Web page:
Now 50,000 families can give loved ones the farewell they deserve as MPs prepare to lift 30-mourner limits at funerals in two weeks
- 30-person cap on funeral mourners to be lifted from May 17 after Mail campaign
- Instead the number will be decided by how many can be safely accommodated
- Families may also be able to hug at funerals, subject to social distancing review
The 30-person cap on mourners attending funerals will be lifted in a fortnight, following a campaign by the Daily Mail.
In what was described as a ‘huge victory for common sense’, families will no longer be forced to arbitrarily cut the number of people who can say their final farewell to a loved one.
The number of mourners allowed to attend a funeral from May 17 will be determined by how many can be safely accommodated with social distancing. It means an estimated 50,000 grieving families will not be forced to limit the numbers to 30.
Families may also be able to hug at funerals from May 17, subject to a review on social distancing.
The current 30-person limit of mourners at funerals will be lifted, thanks to a campaign by the Daily Mail
Campaigners said the Government had done ‘exactly the right thing’ by amending the roadmap to allow the relaxation on numbers to go ahead five weeks earlier than planned.
Communities Secretary Robert Jenrick said last night the relaxation of the rules would alleviate an ‘additional source of worry’ for families at ‘one of the hardest moments in life’.
He added: ‘The Mail has rightly highlighted the profound sadness many of those who have been bereaved and their families have felt at not being able to gather together in larger numbers for funerals, and to hold the funeral they always imagined doing so for those they love.
‘This has been one of many difficult and at times painful steps taken to combat Covid-19. I’m pleased that with the success of the vaccine rollout and the efforts of many people across the country, we are now able to remove the limit of 30 mourners.
‘This means venues such as funeral homes and places of worship will be able to allow as many people as their capacity safely permits to attend.
‘I know churches, synagogues, mosques, temples and gurdwaras, councils and all those responsible for these places will continue to do everything they can to ensure safety.’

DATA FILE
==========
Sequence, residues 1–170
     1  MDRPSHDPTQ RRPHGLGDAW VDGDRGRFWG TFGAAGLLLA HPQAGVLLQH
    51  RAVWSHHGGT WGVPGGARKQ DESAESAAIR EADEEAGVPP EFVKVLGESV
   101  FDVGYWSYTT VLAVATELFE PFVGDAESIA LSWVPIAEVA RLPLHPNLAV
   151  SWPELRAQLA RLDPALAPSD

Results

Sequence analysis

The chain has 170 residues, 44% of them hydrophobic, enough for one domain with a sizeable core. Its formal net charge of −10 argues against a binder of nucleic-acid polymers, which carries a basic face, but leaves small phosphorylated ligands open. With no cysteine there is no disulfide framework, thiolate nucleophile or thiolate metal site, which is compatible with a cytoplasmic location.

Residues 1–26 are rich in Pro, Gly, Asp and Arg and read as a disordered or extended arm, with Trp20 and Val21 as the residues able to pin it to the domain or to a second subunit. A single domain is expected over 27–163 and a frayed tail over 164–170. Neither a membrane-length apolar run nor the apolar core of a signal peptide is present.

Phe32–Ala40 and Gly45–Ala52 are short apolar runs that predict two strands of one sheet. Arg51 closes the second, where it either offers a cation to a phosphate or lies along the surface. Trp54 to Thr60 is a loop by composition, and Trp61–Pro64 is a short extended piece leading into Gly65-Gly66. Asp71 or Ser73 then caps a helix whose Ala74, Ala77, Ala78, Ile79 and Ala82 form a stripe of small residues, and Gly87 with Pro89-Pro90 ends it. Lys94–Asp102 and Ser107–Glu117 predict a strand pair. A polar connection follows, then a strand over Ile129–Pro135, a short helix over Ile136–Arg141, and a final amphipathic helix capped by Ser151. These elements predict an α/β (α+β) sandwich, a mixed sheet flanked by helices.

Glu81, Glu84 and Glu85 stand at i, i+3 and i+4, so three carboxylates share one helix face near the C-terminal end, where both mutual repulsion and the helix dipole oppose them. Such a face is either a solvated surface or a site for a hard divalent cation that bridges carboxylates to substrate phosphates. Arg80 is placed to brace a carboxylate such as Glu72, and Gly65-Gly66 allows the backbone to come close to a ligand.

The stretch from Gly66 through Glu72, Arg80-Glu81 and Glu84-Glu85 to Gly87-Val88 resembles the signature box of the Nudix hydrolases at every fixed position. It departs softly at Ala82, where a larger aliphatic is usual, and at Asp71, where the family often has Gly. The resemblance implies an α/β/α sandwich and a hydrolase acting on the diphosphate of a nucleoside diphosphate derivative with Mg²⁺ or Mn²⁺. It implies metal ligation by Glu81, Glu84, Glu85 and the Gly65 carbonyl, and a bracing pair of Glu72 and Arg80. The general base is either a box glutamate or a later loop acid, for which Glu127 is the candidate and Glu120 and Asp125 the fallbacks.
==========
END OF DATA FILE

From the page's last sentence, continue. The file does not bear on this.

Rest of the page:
Like so many Britons, the Queen was forced to sit alone at the funeral of Prince Philip on April 17
The 30-person limit at funerals is set to be relaxed from May 17 and families may also be able to hug one another
A crematorium official (left) moves to halt a hug at the funeral of Alan Wright (right) amid the coronavirus pandemic
A small number of family members attend the service of the late British Army veteran Eric Stonestreet last year
Conservative former minister Sir John Hayes, chairman of the all-party parliamentary group on funerals and bereavement, said: ‘This is a huge victory for common sense. The Government has done exactly the right thing following the work done by the all-party group and the public demand – expressed through the excellent campaign run by the Daily Mail.
‘The argument we made reflects what I know was real concern by people who have loved and lost who simply want to give their person, to whom they are offering a final goodbye, the most dignified and fitting possible funeral.
‘It is really positive and very good news that we are returning to something more like normal.’
Communities Secretary Robert Jenrick (pictured) said the relaxation of the rules would alleviate an ‘additional source of worry’ for grieving families
Jon Levett, chief executive of the National Association of Funeral Directors, said: ‘Throughout the pandemic the Government has made sure immediate families were able to be there to say goodbye to a loved one and this has always been valued. But it’s critical that all those who are grieving are not forgotten in the reopening of society – and for many families, the current restrictions have meant telling people very close to the person that has died that they simply couldn’t be there.
‘We’d still also like to see the Government move forward with its plan to trust the public to make informed, personal decisions about social contact – using testing as a safety mechanism – enabling us all to offer the simple comfort of holding hands, or giving a much-needed hug, to those who are isolated in their grief.’
The Mail revealed last month that the Government was ‘hopeful’ it will be able to scrap rules on contact between friends and family at the next stage of the roadmap.
A separate Cabinet Office review on wider social distancing is set to report before June 21, the earliest date when all legal limits on social contact could be removed.